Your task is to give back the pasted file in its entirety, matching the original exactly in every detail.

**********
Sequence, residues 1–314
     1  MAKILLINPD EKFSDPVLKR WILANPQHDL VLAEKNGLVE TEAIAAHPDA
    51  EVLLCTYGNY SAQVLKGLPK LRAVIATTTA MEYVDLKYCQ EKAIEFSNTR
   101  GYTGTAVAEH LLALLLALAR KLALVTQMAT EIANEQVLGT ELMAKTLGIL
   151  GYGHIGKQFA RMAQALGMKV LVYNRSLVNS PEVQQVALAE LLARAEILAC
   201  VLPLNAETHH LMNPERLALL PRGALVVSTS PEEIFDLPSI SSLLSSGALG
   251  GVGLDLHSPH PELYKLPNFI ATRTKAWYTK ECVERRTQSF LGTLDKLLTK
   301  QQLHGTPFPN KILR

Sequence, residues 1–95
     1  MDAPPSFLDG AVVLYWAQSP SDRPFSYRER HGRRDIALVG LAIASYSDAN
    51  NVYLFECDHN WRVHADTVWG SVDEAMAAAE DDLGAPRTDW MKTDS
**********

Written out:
Sequence, residues 1–314
     1  MAKILLINPD EKFSDPVLKR WILANPQHDL VLAEKNGLVE TEAIAAHPDA
    51  EVLLCTYGNY SAQVLKGLPK LRAVIATTTA MEYVDLKYCQ EKAIEFSNTR
   101  GYTGTAVAEH LLALLLALAR KLALVTQMAT EIANEQVLGT ELMAKTLGIL
   151  GYGHIGKQFA RMAQALGMKV LVYNRSLVNS PEVQQVALAE LLARAEILAC
   201  VLPLNAETHH LMNPERLALL PRGALVVSTS PEEIFDLPSI SSLLSSGALG
   251  GVGLDLHSPH PELYKLPNFI ATRTKAWYTK ECVERRTQSF LGTLDKLLTK
   301  QQLHGTPFPN KILR

Sequence, residues 1–95
     1  MDAPPSFLDG AVVLYWAQSP SDRPFSYRER HGRRDIALVG LAIASYSDAN
    51  NVYLFECDHN WRVHADTVWG SVDEAMAAAE DDLGAPRTDW MKTDS